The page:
Submitted by , posted on 04 August 2003

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The final version of our 64k intro "fr-030: candytron" has just been released, so I decided to give it a shot and submit it as IOTD.

We had two primary intentions with this intro, which was a) voice synthesis/singing and b) flexible, realtime-animatable mesh processing. I can't say much about the voice synth and it doesn't translate well into an image anyway, so instead of the usual engine-feature lists I'm gonna focus on the mesh processing.

We started with a list of operations we needed to do interesting meshes (based on the experience we made with the predecessor intro, fr-019): Bone animation, Catmull-Clark subdivision, Extrude ("pull out" one or more polygons from the mesh), Randomize (some noise added on the vertex coordinates to get distorted objects), and Calculate Normals (to get proper shading). To make it all realtime, we needed to split those operations into topology processing (operations that change connectivity, number of polygons/vertices/edges, etc.) and pure vertex processing (i.e. anything that is just dependent on vertex attributes). The idea was that only the vertex processing part needs to be executed per frame to do animation - and that idea worked out quite well, as the intro shows

Mesh processing is not really an interesting subject by itself and because no one wants to look at morphing cubes, we needed to make things a bit more interesting for our viewers. This is where Josie (top-left screenshot) comes in, our charming assistant. The top-right screenshot shows Josie walking away from us with some ... well, morphing cube to the right (we couldn't resist . Or, actually, it's an extruded cube, so if you didn't get what I meant with "pulling out" polygons in my original description, this screen probably helps. The bottom left screenshot shows a "water" surface (just a plane with some displacement, we used perlin noise for that, which is what we used to implement the "randomize" function in the original design too), all animated in realtime and with those "towers" growing out of it (extrude again). The bottom right screenshot shows Josie jumping (bone animation), with dynamic subdivision and extrusion to grow those tentacles out of her, plus some nifty material effects to get the half-wireframe-half-solid look (looks much better in motion).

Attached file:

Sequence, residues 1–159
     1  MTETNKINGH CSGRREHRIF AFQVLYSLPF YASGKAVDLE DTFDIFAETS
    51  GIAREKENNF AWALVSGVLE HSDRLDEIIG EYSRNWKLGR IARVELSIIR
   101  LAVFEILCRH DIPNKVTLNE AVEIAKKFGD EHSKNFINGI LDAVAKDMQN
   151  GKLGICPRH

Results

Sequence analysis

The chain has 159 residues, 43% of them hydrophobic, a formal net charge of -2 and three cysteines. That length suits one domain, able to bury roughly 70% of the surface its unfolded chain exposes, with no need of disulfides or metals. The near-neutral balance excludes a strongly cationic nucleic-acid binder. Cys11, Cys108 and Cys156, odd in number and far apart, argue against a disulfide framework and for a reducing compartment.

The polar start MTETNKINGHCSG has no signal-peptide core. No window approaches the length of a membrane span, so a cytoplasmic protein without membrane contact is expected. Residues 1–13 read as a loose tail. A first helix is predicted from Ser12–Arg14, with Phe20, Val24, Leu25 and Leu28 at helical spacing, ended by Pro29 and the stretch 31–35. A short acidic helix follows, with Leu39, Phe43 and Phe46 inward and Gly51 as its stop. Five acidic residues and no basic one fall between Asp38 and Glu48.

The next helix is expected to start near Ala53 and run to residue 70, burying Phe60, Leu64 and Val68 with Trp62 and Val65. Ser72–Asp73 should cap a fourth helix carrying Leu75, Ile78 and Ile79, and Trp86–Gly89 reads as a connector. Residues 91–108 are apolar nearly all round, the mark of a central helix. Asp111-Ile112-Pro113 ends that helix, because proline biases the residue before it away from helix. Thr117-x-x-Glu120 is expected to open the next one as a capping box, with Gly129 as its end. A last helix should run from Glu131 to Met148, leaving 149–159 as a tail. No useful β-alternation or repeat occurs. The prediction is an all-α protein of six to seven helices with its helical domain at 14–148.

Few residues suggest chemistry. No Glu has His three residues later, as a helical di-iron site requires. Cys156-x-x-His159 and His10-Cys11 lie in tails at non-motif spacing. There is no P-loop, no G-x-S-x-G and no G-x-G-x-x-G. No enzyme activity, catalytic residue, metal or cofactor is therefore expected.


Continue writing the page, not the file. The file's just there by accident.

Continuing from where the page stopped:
As said above, it's a 64k intro, so all of that code and data had to be crammed in a pretty small space; it's neither especially fast nor especially long, but we are very pleased with the end result anyway. If you want to see for yourself, you can download the whole intro from

Some fast facts about the intro: It was developed with Visual C++ .NET 2003 during a period of about 4 months (January to April of this year) by 4 people and came 2nd place in the 64k intro competition at breakpoint 2003 (an annual demo party in Germany). This is the final version which features some additional and improved code & content, and was released just a day ago. It should run well on pretty much any reasonably recent machine, look up the readme for details

- Fabian "ryg/farbrausch" Giesen

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